On the fourth floor are works from the artist’s “Subterranea” collage series from 2021-2022 (like a breathtaking figure that appears to be mid-transformation, titled Subterranea Holy Cow)and recent large-scale sculptures made in bronze—like a slithering creature emerging from a basket tiled Musa and a human figure merged onto the back of a giant reptile called Crocodylus, which features expertly-molded divots that look like musculature.

Wangechi Mutu

Wangechi Mutu, “Yo Mama,” 2003. Ink, mica flakes, acrylic, pressure-sensitive film, cut-and- pasted printed paper, and painted paper on paper, diptych, overall 59 1/8 × 85 inches; The Museum of Modern Art, New York, The Judith Rothschild Foundation Contemporary Drawings Collection Gift, 2005; photo by Robert Edemeyer, courtesy of the artist and Vielmetter Los Angeles.

Another aspect touched upon in the show is how Mutu’s practice has been influenced by past institutional commissions. Several examples illustrating this aspect include the aforementioned In Two Canoe, which was presented at Storm King Art Center in 2021, a mixed media collage on mylar paper titled Hide ‘n’ Seek, Kill or Speak for The Studio Museum in Harlem, and a commission for the Metropolitan Museum of Art, where she imagined a series of seated bronze sculptures in 2019 (The Seated I, II, III, and IV)that could be seen filling the niches outside of the building made specifically for this purpose.

Accompanying the exhibition, visitors at the New Museum will find a fully illustrated catalog, which was co-published with Phaidon, featuring words by the likes of Yvonne Adhiambo Owuor, Tina Campt, and Maureen Mahon.Viewers should also look out for an interview of the artist with curators Crockett and Norton and an artist roundtable, which will feature Firelei Báez, Kandis Williams, and Kiyan Williams, moderated by Nana Adusei-Poku.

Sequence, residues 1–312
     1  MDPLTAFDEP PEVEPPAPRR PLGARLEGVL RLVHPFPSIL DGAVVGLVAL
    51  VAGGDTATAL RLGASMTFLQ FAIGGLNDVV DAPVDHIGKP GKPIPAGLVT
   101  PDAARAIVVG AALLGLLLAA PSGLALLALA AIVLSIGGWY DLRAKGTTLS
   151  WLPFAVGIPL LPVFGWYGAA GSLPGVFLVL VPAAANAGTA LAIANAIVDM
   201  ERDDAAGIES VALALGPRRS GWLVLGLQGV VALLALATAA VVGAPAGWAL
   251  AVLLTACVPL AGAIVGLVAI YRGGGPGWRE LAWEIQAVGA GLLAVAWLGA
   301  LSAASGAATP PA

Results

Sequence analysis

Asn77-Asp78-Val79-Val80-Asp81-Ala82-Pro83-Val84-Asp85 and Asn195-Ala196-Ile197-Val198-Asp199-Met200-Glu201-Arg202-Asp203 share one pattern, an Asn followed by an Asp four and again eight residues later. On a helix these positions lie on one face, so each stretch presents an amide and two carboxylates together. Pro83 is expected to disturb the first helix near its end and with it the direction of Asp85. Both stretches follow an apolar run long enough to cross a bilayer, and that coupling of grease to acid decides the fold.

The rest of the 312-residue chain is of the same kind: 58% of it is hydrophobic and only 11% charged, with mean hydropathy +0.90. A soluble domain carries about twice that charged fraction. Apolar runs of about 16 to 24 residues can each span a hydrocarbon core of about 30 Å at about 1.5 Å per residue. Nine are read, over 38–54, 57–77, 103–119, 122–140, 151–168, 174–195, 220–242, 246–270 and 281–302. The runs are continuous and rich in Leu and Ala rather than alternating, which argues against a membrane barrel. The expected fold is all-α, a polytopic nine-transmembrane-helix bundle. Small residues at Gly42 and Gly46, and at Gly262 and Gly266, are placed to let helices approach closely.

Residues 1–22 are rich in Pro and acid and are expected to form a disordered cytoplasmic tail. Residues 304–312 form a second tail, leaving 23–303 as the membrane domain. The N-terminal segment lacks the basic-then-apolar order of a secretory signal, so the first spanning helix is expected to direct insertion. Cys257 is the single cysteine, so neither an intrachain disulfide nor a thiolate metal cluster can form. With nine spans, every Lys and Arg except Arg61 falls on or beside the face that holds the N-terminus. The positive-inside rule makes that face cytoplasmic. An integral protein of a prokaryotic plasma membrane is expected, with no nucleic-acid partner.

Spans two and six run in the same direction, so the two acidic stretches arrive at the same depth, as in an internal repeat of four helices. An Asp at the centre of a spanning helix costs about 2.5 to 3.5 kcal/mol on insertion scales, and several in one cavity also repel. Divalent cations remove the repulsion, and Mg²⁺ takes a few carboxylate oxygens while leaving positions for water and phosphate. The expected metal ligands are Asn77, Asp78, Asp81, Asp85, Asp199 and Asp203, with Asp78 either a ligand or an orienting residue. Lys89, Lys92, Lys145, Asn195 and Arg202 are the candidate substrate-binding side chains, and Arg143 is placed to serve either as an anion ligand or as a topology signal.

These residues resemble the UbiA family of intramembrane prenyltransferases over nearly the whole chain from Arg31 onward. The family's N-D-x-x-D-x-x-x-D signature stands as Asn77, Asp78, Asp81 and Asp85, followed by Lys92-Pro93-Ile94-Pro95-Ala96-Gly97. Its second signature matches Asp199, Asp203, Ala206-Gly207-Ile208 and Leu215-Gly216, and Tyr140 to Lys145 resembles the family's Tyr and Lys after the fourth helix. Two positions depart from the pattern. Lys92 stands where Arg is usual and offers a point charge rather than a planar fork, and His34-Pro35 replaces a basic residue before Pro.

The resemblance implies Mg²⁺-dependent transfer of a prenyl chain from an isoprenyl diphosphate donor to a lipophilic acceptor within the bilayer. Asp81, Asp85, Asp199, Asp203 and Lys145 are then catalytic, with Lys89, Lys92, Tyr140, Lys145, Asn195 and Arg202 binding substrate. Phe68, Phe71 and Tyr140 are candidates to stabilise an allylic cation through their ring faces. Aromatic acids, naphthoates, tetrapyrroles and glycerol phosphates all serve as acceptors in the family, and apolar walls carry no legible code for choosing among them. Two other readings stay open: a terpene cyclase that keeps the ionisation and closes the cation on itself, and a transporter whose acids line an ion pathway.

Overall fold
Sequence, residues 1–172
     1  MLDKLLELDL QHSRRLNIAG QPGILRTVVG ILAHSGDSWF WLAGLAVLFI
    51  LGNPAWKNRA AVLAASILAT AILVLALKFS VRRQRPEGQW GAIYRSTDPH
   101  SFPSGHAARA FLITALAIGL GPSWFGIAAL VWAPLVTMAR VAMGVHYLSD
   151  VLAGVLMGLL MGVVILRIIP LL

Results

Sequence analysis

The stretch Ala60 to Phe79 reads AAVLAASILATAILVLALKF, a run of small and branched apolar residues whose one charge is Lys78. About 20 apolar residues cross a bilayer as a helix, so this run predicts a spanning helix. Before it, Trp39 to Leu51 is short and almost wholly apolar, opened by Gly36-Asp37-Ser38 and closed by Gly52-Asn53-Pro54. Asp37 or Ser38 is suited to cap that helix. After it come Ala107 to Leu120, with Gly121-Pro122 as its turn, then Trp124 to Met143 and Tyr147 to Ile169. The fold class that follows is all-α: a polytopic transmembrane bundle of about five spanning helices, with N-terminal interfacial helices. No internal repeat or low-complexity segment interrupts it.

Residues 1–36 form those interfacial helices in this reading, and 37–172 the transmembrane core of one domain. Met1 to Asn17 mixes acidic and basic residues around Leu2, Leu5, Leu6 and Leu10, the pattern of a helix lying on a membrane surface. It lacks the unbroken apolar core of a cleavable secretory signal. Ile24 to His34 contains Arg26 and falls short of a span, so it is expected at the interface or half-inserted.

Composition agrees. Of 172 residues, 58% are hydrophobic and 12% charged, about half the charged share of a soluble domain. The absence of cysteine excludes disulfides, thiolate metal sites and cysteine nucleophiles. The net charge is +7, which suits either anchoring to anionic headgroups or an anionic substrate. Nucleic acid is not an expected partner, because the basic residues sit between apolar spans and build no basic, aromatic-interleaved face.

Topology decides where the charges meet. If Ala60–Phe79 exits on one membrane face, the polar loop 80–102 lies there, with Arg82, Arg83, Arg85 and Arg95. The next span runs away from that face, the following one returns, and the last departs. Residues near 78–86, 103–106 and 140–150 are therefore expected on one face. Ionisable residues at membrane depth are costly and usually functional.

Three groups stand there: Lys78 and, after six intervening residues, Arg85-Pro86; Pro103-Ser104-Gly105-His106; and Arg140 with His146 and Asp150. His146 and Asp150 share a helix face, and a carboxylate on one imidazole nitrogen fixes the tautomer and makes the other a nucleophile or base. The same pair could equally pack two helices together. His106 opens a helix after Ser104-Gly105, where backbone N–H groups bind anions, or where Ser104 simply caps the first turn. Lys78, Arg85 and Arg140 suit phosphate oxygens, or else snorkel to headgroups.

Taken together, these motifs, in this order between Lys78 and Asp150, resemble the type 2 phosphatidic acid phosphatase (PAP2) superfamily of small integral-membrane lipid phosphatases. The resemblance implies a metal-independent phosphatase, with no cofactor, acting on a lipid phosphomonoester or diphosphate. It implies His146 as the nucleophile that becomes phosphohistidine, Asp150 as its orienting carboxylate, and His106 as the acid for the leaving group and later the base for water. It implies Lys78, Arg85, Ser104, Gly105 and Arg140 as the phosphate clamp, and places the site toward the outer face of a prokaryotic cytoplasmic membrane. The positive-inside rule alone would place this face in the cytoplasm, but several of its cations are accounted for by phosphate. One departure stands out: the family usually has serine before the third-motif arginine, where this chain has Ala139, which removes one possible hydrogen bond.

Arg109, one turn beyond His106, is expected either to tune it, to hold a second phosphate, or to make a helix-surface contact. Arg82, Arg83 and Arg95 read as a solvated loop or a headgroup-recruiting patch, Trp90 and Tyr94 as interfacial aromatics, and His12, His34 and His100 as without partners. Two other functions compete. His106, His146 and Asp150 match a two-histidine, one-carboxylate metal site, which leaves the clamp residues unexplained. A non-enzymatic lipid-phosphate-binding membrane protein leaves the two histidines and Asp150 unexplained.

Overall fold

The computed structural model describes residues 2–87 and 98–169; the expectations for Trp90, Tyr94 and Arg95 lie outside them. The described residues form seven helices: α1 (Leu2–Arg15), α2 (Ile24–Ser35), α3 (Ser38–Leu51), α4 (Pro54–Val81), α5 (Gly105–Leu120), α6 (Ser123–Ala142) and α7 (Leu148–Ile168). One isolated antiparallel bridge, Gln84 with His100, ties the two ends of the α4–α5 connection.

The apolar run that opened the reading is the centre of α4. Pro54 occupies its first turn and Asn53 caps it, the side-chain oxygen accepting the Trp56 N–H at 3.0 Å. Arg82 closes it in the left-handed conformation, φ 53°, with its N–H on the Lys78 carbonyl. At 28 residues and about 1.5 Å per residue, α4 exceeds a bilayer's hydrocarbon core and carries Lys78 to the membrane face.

Wangechi Mutu: Intertwined

“Wangechi Mutu: Intertwined,” 2023, exhibition view, photo by Dario Lasagni, courtesy of New Museum.

Wangechi Mutu: Intertwined

“Wangechi Mutu: Intertwined,” 2023, exhibition view, photo by Dario Lasagni, courtesy of New Museum.

Wangechi Mutu

Wangechi Mutu, “Subterranea Holy Cow,” 2022, Ink, emulsion paint, and watercolor paper on photographic print, 72 3⁄4 × 47 7/8 inches; Private Collection, San Francisco, California, courtesy of the artist.

Wangechi Mutu

Wangechi Mutu, “Intertwined,” 2003, Watercolor with collage on paper, 16 1/8 × 12 1/8 inches (image), 22 3⁄4 × 18 13/16 × 1 1⁄2 inches (outer frame); Minneapolis Institute of Art, Gift of Mary and Bob Mersky; photo by Robert Wedemeyer, courtesy of the artist and Vielmetter Los Angeles.

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THE WINTER EXPERIENCE ISSUE
2023

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Inviting the audience to feel, touch, and experience art in its most dynamic state is “When Forms Come Alive” at Hayward Gallery.